In order to determine the amount of E. coli bacteria in our water sample, we are actually going to help it grow! A common way of determining the amount of E. coli in water is to place a pre-determined amount of sample water on a special plate. The plate contains a nutritious food source that helps the bacteria grow into colonies (visible “clumps” of bacteria). It also contains special dyes, so that as the bacteria “eat” the food, they are also stained a bright color that helps us see and count the colonies. Other bacteria may grow on the plate, but the dye will only stain the type of bacteria the plate is designed for.
All types of bacteria have an ideal temperature at which they survive and reproduce. Some bacteria live at extreme temperatures, much too hot or too cold for any other type of life to survive! The ideal temperature for E. coli is much closer to our own body temperature. We will store the E. coli test close to its ideal temperature to give it the perfect environment to grow. It takes a couple of days for the E. coli bacteria to develop into visible colonies, so don’t forget to read your results a couple of days from now!
The plates we are using will test for both E.coli, and the larger Total coliform group. Remember from the introductory material that Total coliforms are found naturally in soil, and that E.coli is part of the larger fecal coliform group, which is part of the larger Total coliform group.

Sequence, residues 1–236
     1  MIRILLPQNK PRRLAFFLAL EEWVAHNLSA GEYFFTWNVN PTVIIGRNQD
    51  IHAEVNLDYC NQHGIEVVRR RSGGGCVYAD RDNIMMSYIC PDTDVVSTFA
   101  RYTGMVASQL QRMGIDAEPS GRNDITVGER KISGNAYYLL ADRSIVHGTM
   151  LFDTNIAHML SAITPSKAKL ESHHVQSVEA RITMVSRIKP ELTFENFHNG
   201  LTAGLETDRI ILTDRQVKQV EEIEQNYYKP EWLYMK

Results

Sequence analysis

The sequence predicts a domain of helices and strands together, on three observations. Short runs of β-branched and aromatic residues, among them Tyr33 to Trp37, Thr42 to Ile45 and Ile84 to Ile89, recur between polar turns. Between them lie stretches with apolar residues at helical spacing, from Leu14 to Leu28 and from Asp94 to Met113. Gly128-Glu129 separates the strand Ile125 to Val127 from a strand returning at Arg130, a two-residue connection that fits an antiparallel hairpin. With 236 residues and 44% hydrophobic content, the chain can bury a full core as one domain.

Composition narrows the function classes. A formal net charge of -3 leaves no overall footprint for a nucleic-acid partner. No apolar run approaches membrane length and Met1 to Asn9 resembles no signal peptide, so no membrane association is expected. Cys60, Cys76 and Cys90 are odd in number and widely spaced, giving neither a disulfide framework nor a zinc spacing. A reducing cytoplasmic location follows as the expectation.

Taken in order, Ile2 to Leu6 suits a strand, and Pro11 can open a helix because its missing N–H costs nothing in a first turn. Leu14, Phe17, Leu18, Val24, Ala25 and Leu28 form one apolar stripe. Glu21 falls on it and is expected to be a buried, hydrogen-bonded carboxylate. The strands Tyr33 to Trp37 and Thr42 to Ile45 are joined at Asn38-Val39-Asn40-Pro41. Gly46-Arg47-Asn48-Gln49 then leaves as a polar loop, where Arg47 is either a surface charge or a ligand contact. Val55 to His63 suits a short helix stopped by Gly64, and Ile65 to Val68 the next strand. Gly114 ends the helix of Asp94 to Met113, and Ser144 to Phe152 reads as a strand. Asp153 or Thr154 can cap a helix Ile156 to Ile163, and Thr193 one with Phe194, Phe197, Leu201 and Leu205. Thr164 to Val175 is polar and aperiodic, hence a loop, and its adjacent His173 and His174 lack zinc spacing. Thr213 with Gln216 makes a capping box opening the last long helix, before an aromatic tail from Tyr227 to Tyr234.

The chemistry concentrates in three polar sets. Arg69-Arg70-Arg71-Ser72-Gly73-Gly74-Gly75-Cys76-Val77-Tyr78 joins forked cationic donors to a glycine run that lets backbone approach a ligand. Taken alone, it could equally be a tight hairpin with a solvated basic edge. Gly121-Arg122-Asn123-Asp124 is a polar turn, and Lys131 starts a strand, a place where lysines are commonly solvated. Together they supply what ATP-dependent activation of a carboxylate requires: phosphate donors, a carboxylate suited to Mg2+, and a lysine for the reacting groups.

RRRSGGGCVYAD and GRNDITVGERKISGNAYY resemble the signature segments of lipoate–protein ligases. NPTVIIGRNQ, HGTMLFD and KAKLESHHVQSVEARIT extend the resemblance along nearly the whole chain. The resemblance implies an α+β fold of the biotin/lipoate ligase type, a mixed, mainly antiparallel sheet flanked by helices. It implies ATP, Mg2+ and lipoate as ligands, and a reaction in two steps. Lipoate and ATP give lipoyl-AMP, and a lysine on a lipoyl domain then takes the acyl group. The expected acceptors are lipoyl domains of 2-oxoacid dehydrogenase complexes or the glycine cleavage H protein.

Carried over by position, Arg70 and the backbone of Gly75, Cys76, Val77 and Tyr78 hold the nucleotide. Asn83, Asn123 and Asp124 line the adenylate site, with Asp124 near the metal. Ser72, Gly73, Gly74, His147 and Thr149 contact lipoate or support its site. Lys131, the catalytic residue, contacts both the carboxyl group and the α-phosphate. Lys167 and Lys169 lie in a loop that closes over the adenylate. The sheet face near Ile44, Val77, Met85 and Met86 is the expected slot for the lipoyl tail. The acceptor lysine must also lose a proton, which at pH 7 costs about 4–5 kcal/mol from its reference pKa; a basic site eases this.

Standard 3, Benchmark 4
9-12 Benchmark 4: Learners identify and evaluate environmental issues from multiple points of view.
By the end of the twelfth grade, the students:
1. Water sample
2. 3M Petrifilm EC Count Plates
3. Sterile 1-milliliter (mL) pipettes
4. Distilled water
5. Incubator or warm place to store samples
1. If you have more than one water sample, use a separate plate for each sample and be sure to label them clearly with the sample site, the date and the time at which you process the sample. Also prepare one plate for your “blank” sample, which will be explained in the next steps.
2. Make sure you have a sterile 1 mL pipette for each water sample, including your blank. You should use a new pipette with each sample - this helps us make sure we’re only growing bacteria from one sample on each plate. When you remove the pipette from its sterile covering, open the plastic wrapper at the bulb end. Be sure not to touch the tip or any part of the pipette that will go into the sample.